There are certainly losses to minimize, ohm's law doesn't sleep but I think it's an interesting enough idea to try and quantify the losses.  To start I modeled a few different ducts with and without insulation.  One way to keep losses low in the duct is to move the air through it quickly.  I have a 400 cfm, 150 watt, 6" blower and plugging that in at 150 CFM to account for some drag I could see a 5 degree F drop across a 15' length, 120 to 115  (used 0 deg outside temp).  That's with an inch of foam insulation.  I'm ok with that.  With no R value it would be a 20 deg drop, badly inefficient for sure.  Good call on the batch box over j tube, much easier to operate for an outdoor attempt.  I guess I'd use this sort of setup as much as possible with my existing furnace as a backup, maintain a low minimum temp overnight, etc.  I didn't model losses through the sauna shed since that's so simple and really comes down to the total surface area, temp delta inside/outside and how much insulation one wants to buy or source second hand.  I also agree that losing the warm mass indoors is a big one for the overall comfort a typical RMH provides.  I guess a second indoor mass could be added which shouldn't be a problem for insurance.  With proper planning one should be able to determine at least the amount of heat expected to be lost from the structure and duct before starting.  I believe it could be designed in a fashion that is far more efficient than an inside wood burning stove since we start out so far ahead with the rocket heater efficiency.  To be fair we'd need to add the blowers draw of 115 watts to this designs losses, though that's only when running.  I'm not sure that badly inefficient is a given, just somewhat less efficient depending on design.  I appreciate your ideas and hope you'll mention other problems with this sort of setup.

Ram , I'll send a PM
6 months ago

thomas rubino wrote:Hi Ram;
When your dealing with uninformed insurance people it can be tough to legally use a RMH.
Only thought I have is to build a room outdoors containing the rmh and insulated vents going to the house. Here's the problem with that... A) it will not work very well and ....

B) Enter the innocent but uninformed insurance person...  (A Favorite saying)  YOU CAN"T DO THAT !!! its too close to your home, my gosh what if this funky non certified home built hippy contraption caught on fire ?  Your home would burn down and MOST IMPORTANT...the  insurance company will not pay (The Most favorite saying)

Some people (not recommending this mind you) But some people just build one anyway...  (bad people) who are rule breakers ... who question authority (how dare they!!!)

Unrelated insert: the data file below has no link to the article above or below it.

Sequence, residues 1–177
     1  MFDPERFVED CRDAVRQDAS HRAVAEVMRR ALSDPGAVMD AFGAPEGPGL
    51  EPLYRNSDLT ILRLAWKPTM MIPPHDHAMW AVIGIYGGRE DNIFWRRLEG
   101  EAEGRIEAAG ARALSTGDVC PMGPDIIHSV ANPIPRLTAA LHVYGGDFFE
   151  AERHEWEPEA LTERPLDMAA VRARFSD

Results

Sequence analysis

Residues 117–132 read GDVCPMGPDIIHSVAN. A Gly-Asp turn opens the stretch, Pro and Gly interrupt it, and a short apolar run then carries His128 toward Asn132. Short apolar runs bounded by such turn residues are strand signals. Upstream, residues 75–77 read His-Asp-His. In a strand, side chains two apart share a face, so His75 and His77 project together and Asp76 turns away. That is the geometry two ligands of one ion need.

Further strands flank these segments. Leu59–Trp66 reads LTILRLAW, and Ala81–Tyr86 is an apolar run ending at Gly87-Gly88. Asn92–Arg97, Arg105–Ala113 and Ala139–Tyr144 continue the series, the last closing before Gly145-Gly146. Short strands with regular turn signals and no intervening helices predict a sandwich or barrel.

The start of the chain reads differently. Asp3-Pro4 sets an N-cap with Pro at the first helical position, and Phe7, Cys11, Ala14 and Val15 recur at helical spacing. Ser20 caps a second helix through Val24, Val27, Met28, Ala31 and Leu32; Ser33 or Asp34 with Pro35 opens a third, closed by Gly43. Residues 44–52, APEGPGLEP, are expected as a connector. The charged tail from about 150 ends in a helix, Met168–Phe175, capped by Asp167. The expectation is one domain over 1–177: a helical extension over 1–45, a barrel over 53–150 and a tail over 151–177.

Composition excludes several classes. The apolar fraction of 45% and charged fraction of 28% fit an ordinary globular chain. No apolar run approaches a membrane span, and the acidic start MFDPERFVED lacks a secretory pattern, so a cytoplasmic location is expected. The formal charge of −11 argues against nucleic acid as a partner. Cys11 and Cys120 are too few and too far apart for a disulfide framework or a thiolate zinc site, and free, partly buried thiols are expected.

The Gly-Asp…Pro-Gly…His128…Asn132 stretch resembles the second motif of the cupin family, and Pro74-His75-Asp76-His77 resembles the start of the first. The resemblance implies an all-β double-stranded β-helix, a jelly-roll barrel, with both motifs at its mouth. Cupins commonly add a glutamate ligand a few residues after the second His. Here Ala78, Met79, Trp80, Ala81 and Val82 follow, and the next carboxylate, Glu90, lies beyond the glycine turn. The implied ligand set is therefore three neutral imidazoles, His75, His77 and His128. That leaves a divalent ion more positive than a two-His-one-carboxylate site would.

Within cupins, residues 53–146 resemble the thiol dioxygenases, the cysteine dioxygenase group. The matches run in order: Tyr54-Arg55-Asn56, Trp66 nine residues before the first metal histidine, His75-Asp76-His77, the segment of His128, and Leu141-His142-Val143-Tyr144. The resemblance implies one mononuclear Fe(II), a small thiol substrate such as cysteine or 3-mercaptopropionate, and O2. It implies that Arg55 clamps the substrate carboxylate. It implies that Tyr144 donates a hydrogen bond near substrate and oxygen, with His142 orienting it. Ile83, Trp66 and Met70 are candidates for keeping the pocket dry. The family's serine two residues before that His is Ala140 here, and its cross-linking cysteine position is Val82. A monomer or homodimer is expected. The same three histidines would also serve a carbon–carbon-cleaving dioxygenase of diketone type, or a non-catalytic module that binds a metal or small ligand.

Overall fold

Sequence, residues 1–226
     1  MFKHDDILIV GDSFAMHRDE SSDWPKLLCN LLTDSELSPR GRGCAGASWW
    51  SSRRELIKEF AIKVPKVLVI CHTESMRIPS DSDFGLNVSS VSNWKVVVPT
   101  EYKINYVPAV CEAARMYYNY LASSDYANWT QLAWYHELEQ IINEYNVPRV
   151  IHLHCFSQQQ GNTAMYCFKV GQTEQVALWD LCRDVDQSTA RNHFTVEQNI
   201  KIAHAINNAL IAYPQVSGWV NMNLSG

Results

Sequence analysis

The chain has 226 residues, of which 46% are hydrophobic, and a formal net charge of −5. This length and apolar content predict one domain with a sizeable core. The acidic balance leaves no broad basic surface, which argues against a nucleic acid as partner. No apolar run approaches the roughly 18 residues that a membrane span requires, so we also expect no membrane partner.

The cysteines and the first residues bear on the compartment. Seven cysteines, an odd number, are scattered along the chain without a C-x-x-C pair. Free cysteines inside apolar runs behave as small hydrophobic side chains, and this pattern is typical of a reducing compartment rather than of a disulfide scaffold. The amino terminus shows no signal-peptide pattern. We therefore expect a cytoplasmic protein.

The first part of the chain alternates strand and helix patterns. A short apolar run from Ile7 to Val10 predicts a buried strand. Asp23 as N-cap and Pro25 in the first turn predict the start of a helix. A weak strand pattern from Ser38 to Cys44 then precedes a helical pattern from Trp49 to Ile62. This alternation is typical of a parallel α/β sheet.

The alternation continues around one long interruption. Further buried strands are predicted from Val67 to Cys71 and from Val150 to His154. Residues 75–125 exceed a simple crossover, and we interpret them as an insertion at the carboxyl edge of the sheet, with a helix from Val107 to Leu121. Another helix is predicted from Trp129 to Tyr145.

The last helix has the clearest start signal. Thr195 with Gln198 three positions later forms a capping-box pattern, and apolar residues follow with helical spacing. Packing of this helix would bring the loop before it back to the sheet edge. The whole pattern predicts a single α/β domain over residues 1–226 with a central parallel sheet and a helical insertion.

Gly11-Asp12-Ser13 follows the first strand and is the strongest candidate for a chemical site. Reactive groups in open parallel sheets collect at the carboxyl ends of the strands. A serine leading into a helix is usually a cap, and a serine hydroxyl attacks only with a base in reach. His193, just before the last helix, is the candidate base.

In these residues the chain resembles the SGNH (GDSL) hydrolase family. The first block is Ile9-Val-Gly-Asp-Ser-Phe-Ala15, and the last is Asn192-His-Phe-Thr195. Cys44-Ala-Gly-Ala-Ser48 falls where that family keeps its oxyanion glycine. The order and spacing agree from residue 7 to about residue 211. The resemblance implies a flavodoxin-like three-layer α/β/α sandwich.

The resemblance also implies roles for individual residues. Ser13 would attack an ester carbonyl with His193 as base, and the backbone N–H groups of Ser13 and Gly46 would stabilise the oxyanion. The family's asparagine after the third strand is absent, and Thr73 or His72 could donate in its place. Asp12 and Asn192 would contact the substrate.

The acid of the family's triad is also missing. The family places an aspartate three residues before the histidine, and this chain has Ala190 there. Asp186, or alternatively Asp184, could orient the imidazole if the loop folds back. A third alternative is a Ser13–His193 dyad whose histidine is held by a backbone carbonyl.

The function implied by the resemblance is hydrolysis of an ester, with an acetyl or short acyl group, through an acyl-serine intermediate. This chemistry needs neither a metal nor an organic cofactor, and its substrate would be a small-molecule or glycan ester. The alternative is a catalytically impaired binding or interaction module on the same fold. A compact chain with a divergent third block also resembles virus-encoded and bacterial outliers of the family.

As a responsible Permies person you should never think that way...  

Have a great day !



I think you are on the right track.  Also in Denver, we can build a 10x12 shed without a permit (may be off on the size a small amount).  So how about a super insulated shed 10 or 15ft from the house set up as a sort of RMH heated sauna.  There are insulated flexible vent hoses often used in indoor growing here that could be buried or perhaps used above ground and sort of temporary connecting the sauna to the house.  The RMH itself wouldn't need any modifications I don't think.  We'd probably want to sauna to get uncomfortably hot to deal with the losses through the insulated lines but no where near fire danger.  I've been thinking about this same option as OP but using a heat exchanger and I like your building idea way better.  I think I'd want two lines, one for hot air and one return.  A blower of some sort on the hot air line inside should be enough.  I guess we could add a thermostat to the blower and treat our sauna as a heat battery.  A thermostat near the blower/vent would warn us when the RMH needs fired back up.  If we want to spend some $$$ we could make the sauna quite fire resistant with certain materials but I'm not sure I see the need.

I've also considered just blowing hot air into the crawlspace I have since it's already insulated around the perimeter.

6 months ago
I'm trying a variation on the till once and double dig options here this year.  About 2500 sq ft mostly forked or dug by hand with a bit using the tiller (hated how the tiller did, it's being given away).  I immediately planted fall and winter cover crops like wheat, rye, Austrian winter peas, favas, mustard and daichon radish.  Since it's a small area I tried planting very dense in most areas to choke out any weeds that germinated or survived.  Timing was important for this and I did it all in late aug thru early october.  My plan is to thin the grains and peas that survive till spring as I'm ready to plant next year but keep some of the wheat and winter peas for shade and seeds.  While not as flexible timing wise I like the results so far and I have nice greens for the chickens and rabbits hopefully thru some of winter.
6 months ago
I think I would like to be turned into bio-char rather than ashes.  I wonder if this would be a huge change or if the big ovens could be still used with some modifications.  I often think about how many of our waste streams could become char and this seems like a good one to me.  Having a natural decomposition option like the hugelculture plus a longer lasting option to cremation seems good too.
6 months ago
Fermenting their feed drastically reduces the smell of manure.  Fermenting feed at that scale would be a real chore I think but might be less infrastructure than composting it after.  There's a video on youtube of a guy mixing it in a clean cement mixer for a large flock.
6 months ago
Looks great! How many rabbits did it take to produce a gallon of leaf?  I'm just planning to start raising them and this seems like a great extra reason.
7 months ago